This is not efficient, you’ll likely run out of time or get overwhelmed. You create two full pieces of content in one sitting and you’re done because that’s exhausting! The reason. this is so exhausting is because you’re task-switching. You’re utilizing different parts of your brain for each task t hat you do. This makes it way more exhausting than it needs to be.
Instead, the actual flow of batching works so much better. in batching you’re sitting down and working on the same task for multiple pieces of content in one sitting. This may be outlining all of your podcast episodes, t hen moving onto recording them, then editing them, then graphics, and so on. You’re focusing on one specific task at once to avoid overwhelm. You’re moving much faster and at a more effective pace.
How to Start Batching & Long-Form Content
Many times, people will want to begin by creating a ton of content from the go. But, they haven’t even started with any content. You have to create the system to get started. You want to build up to long-form content, but if you don’t have any batching systems set up start where you are.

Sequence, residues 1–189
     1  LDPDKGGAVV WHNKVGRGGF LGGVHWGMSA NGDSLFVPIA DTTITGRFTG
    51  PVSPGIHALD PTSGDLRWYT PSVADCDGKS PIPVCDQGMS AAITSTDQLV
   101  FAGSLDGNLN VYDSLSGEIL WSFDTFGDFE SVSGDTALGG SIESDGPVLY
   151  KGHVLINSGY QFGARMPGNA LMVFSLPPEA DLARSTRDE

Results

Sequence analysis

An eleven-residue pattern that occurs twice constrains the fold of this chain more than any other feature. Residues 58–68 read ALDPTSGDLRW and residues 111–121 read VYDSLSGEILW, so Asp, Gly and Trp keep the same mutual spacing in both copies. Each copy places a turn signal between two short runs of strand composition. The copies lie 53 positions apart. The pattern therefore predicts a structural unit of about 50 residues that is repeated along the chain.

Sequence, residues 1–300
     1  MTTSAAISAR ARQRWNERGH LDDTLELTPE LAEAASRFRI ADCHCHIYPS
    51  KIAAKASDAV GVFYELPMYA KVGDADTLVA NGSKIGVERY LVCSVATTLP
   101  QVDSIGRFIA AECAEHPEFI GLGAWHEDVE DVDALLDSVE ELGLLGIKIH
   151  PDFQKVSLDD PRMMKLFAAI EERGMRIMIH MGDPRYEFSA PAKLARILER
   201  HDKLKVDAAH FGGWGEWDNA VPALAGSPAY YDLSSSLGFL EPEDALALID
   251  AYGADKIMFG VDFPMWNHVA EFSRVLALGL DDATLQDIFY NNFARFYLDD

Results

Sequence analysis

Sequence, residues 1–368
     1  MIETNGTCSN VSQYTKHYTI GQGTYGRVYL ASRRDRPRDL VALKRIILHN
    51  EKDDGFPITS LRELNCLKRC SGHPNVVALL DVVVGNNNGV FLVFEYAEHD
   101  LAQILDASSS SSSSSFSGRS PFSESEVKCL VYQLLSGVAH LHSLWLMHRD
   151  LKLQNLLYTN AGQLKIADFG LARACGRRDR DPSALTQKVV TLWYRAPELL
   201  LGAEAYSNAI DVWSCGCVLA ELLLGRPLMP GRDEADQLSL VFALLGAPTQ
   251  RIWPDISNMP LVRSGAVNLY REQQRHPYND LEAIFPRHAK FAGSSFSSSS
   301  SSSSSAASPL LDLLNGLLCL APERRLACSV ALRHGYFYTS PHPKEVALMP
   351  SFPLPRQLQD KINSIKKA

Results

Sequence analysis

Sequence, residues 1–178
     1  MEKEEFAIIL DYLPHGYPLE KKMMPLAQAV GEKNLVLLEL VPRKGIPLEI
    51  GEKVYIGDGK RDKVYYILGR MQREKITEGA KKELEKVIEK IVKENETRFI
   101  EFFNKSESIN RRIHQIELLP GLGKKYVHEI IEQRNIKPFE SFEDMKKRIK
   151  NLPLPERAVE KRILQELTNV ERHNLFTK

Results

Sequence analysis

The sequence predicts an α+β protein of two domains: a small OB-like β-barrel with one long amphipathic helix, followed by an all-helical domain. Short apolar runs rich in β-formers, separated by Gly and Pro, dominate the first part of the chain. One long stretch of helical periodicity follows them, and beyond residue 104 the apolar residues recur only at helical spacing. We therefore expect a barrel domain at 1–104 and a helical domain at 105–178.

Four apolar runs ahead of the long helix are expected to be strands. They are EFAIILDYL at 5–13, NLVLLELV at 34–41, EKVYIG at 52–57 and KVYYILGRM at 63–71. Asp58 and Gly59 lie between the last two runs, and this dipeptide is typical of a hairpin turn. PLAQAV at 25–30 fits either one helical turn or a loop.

Be thinking about where you want to go with email newsletters and other forms of long-form content. Find what type of content works for you and work towards that.
It Doesn’t Go Perfectly Every Time
Life happens. Batching is a system but isn’t an automated system. This system can save you so much time and energy, but you still have to do it. Be intentional and set up boundaries, but sometimes life happens. You can’t predict what could happen. But, even a little bit of batching gets you so much farther in the long run.
Offloading to Team Members
As you grow, you’ll be able to offload some of your content to your team. It won’t happen immediately and with all of your content. But as you outsource more, you can add on more. Start small and you can always add more in.
Creators who are putting out tons of consistent content have team members helping them. But, start small and build towards that.
Batching Content for Social Media